Guarantee Schemes response to the financial crisis
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Guarantee Schemes response to the financial crisis APEC Symposium on SME strategies to manage the impact of the Global Financial Crisis – Session II: Managing the liquidity crisis and the credit crunch. Marcel Roy Secretary General AECM Rue Washington 40, 1050 Brussels, Belgium

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Marcel Roy Secretary General AECM Rue Washington 40, 1050 Brussels, Belgium

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Marcel roy secretary general aecm rue washington 40 1050 brussels belgium

Guarantee Schemes response to the financial crisis APEC Symposium on SME strategies to manage the impact of the Global Financial Crisis – Session II: Managing the liquidity crisis and the credit crunch

Marcel Roy

Secretary General

AECM

Rue Washington 40, 1050 Brussels, Belgium

Tel/Fax: 00 32 / 2 640 51 77 – [email protected] / www.aecm.be


Aecm background

AECM Background

34 active schemes in 18 countries

Key figures (31.12.2007, in €1.000.000)

Own Funds € 6.125

Guarantees issued in 2007 € 23.972

Outstanding commitments € 55.423 Leverage Cap / commitments > 10 x

SMEs beneficiaries > 1,7 Million


Strong market demand for guarantees

Strong market demand for guarantees

2000 - 2007: Portfolio growth by 89,8 %


Impact of the crisis

Impact of the crisis

SME financial situation:

SMEs are impacted in various ways:

Banks need to manage balance sheets and increase regulatory capital positions => risk of credit rationing

SMEs are affected as suppliers to large companies, particularly in problem sectors (automotive and building)

Increase of payment delays => risk default of otherwise healthy SMEs


Impact of the crisis1

Impact of the crisis

Access to finance situation:

Contrasted picture according to MS:

Intensity of crisis impact very different, from very low (Czech Rep., Slovakia) to very pronounced (Hungary, Estonia)

Supply: More difficult access to finance for SMEs (credit conditions tightened, more selective credit policy according to creditworthiness, reduction or cancellation of credit lines)

Demand: Decreasing demand for investment loans, increasing demand for working capital loans


Guarantee schemes s strength in crisis

Guarantee schemes’s strength in crisis

Unique intermediary function between SMEs, lenders and Public authorities, based on consensus, added value and shared responsibility for all parties involved


Types of guarantee products offered

Types of Guarantee products offered

Generally: Straight-forward loan guarantees for SMEs:

Guarantee issued on behalf of SME to bank to substitute missing collateral

In case of default, GS pays out amount of loan covered by guarantee (usually between 50 – 80% to lender

Offered for all stages of SME life-cycle (Start-up – Transfer)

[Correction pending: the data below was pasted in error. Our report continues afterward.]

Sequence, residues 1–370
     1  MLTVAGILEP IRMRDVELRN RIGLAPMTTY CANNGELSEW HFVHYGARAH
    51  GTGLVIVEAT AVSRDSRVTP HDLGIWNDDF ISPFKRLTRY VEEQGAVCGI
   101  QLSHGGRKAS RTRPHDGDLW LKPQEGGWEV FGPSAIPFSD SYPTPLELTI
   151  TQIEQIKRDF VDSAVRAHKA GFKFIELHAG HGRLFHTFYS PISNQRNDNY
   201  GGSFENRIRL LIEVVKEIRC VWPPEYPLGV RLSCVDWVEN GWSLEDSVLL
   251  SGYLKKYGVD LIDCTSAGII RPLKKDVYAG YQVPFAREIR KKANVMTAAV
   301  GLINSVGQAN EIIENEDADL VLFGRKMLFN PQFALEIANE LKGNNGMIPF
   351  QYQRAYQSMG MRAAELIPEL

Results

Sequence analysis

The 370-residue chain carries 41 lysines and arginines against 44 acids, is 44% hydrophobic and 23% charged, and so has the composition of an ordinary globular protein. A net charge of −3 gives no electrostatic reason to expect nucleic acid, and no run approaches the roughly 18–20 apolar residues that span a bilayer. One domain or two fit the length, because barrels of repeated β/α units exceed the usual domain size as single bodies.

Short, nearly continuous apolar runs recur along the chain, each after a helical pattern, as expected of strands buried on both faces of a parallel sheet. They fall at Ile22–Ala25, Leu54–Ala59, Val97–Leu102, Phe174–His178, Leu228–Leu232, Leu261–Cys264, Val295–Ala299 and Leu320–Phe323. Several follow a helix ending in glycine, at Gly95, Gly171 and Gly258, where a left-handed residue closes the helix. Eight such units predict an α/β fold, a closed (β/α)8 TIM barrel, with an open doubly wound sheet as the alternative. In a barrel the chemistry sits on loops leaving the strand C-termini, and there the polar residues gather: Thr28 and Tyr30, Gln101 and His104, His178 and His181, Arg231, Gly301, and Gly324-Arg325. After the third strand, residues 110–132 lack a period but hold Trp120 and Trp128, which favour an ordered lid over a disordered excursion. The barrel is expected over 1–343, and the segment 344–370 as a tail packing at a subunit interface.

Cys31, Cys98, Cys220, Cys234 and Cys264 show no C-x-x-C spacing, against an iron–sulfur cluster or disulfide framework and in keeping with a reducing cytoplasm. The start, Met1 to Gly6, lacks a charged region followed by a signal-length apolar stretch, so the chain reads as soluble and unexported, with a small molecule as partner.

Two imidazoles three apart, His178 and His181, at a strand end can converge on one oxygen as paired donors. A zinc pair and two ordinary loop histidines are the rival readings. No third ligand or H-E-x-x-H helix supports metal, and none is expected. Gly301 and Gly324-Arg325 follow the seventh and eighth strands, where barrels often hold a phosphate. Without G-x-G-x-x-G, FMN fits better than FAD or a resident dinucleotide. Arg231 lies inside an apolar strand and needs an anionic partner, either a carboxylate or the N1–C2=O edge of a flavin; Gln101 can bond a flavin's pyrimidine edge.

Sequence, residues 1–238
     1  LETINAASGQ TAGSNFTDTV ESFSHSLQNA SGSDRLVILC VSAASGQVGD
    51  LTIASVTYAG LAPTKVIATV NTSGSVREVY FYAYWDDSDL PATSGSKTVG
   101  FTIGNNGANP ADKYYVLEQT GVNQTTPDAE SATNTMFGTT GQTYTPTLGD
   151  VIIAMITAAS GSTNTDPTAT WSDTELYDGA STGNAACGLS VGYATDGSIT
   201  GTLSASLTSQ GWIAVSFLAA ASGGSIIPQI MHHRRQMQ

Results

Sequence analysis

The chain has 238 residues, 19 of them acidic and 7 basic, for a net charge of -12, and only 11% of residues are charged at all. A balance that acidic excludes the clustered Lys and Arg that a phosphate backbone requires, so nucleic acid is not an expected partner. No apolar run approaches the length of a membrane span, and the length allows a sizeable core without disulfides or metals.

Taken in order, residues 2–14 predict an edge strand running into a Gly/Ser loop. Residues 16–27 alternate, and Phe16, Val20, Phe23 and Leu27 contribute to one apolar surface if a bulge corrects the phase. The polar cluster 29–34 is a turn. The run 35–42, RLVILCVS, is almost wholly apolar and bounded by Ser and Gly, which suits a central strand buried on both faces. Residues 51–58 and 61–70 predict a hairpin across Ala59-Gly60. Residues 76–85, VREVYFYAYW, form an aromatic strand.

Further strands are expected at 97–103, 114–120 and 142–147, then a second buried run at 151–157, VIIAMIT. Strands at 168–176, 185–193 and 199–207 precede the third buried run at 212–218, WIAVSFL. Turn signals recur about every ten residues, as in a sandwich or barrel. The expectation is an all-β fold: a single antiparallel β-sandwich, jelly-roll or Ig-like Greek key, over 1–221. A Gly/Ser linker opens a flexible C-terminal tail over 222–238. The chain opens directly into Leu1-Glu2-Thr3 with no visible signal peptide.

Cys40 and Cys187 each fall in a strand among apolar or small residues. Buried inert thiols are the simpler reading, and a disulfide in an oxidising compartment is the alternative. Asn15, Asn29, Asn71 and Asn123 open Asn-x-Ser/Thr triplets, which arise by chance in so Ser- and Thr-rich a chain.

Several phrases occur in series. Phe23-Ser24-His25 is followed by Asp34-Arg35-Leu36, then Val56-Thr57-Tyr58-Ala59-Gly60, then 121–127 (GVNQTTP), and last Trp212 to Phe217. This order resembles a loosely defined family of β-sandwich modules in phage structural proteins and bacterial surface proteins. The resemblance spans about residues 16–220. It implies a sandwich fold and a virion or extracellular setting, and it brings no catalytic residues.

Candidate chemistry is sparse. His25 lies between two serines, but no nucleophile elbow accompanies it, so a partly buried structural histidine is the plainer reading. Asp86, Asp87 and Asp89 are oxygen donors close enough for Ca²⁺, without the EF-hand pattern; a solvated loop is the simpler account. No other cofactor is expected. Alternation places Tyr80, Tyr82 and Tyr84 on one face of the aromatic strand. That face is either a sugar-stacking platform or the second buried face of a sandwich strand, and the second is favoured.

But also other types of guarantee products offered by some Guarantee schemes:

Guarantees for: Micro loans, leasing, factoring, mezzanine finance, risk capital, internationalization, projects, EU funding, etc.


Guarantee schemes response

Guarantee schemes’ response

High degree of added value of guarantees for banks:

Risk sharing: Up to 80% of credit amount

Reliable partner: Specialized entities subject to supervision and prudently managed

First class collateral: Often payable on first demand and for face value of guarantee amount

Mitigation effect: Presence of guarantee can lower regulatory funds requirements (subject to conditions)

Specific credit assessment: Knowledge of local context and SME sector (qual. Factors), individual assessment process

Development of new lending business: Build-up of SME portfolio with cross-selling opportunities


Guarantee schemes response1

Guarantee schemes’ response

High degree of added value of guarantees for SMEs:

Access to finance for economically sound projects

Recognition of qualitative factors in MGS risk analysis

Support services and third party analysis by sectoral specialists of business plan and model

Non-profit orientation of Guarantee scheme

Intermediary function of Scheme towards lender

In mutual schemes, participation in management of scheme


Guarantee schemes response2

Guarantee schemes’ response

High degree of added value of guarantees for public authorities:

Individual risk assessment and follow-up

Financial intermediary for public policy:

Counter-guarantee element (reg., nat., EIF-CIP)

=> Cost effective leverage effect of MGS’ regulatory own funds:

Leverage effect of 10 x € 1 with e.g. a 50% coverage :

€ 10 of guarantees

€ 20 of bank loans

even higher amount of final investment


Contact

Contact

AECM

Rue Washington 40

1050 Brussels

Belgium

Tel/Fax: 00 32 / 2 640 51 77

E-mail: [email protected]

Website:www.aecm.be


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